FINANCIAL MARKETS/MIFID-MIFIR REFORM : COMPETITION BETWEEN CENTRAL COUNTERPARTIES STILL SPARKS CONTROVERSY.

Non-discriminatory access by central counterparties (CCPs) to trading venues, proposed as part of the reform of the market in financial instruments known as MiFID II-MiFIR, is highly controversial in the industry. A number of traditional exchanges that control such central counterparties are opposed to the idea. The measure, which eliminates obstacles to competition in the area of financial instrument clearing, could create serious risks on markets, they argue.

The question seems to be rekindling the war between banks and securities exchanges that has raged since trading venues were opened to competition. The MiFiD Directive (2004/39/EC), in force since 2007, put an end to the concentration of orders on securities exchanges (regulated markets), creating competition between traditional exchanges and other trading venues by establishing multilateral trading facilities (MTFs). Banks, with their capacity to create 'alternative exchanges' via MTFs, thus appear to have won the first round.

What does such competition amount to in practice? Opinions differ but all observers tend to agree that the MiFID has indeed led to such competition. "Three and a half years after its entry into force, there is more competition between venues in the trading of financial instruments and more choice for investors in terms of service providers and available financial instruments," sums up the European Commission. It concludes: "Overall, transaction costs have decreased and integration [of financial markets] has increased".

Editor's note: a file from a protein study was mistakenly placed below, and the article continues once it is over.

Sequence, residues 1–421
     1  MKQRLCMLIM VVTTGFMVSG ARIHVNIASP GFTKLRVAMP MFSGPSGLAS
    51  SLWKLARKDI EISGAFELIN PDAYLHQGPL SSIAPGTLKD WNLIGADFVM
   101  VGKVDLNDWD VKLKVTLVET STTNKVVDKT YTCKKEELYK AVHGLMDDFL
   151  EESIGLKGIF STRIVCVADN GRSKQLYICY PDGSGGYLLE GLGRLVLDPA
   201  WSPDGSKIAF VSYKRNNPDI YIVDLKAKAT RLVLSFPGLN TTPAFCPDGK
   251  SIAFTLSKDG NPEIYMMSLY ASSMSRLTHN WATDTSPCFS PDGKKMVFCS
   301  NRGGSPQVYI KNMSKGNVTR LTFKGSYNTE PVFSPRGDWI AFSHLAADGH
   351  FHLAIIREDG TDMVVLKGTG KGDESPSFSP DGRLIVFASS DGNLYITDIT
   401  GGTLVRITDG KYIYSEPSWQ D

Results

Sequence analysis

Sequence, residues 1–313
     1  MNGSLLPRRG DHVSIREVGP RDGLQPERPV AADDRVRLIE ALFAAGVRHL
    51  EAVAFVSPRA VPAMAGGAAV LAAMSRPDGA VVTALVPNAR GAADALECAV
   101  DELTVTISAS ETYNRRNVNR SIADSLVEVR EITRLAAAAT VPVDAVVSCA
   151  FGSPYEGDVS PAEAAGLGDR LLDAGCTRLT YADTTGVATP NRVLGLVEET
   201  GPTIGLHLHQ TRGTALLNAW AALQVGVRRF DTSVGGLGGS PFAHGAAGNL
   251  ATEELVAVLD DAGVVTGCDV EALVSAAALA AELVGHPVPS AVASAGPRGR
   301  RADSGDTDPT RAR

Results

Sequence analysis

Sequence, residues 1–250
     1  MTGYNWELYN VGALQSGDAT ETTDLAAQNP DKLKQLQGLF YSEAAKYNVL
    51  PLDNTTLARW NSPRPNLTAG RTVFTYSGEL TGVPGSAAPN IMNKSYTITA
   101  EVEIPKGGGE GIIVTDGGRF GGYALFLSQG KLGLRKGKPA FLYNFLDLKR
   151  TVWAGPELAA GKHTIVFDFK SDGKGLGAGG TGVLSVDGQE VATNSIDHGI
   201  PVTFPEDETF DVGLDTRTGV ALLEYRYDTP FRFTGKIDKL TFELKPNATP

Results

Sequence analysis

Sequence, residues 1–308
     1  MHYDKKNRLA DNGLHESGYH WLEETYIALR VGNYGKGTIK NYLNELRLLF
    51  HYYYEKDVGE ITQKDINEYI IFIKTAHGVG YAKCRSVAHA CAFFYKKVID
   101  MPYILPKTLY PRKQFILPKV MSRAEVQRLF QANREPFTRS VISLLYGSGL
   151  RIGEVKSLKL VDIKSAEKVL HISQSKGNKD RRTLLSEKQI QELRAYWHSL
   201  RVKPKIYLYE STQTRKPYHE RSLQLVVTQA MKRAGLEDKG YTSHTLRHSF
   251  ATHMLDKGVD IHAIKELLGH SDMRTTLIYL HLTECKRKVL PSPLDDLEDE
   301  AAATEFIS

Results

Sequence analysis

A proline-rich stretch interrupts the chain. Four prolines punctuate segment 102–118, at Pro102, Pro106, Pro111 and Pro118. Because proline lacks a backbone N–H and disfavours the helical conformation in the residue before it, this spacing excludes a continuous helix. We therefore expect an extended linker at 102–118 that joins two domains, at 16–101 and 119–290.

Context

By proposing non-discriminatory access to financial instrument clearing in the MiFID II-MiFIR reform, the Commission intends to boost competition in post-trade services. This question sparked heated debate in the Council and European Parliament as part of the negotiations on the recently adopted regulation on over-the-counter derivatives, central counterparties and trade repositories, referred to as EMIR (European Market Infrastructure Regulation, see Europolitics 4459).

The Commission had hoped to promote the idea but the Council and EP agreed to limit access to clearing to over-the-counter derivatives, thus excluding standardised derivatives traded on organised markets. "The European Parliament sent a clear signal: in the wake of the financial crisis, more competition risked destabilising financial markets further," Europolitics learned from a source speaking for a regulated market, on condition of anonymity. However, "some at DG...

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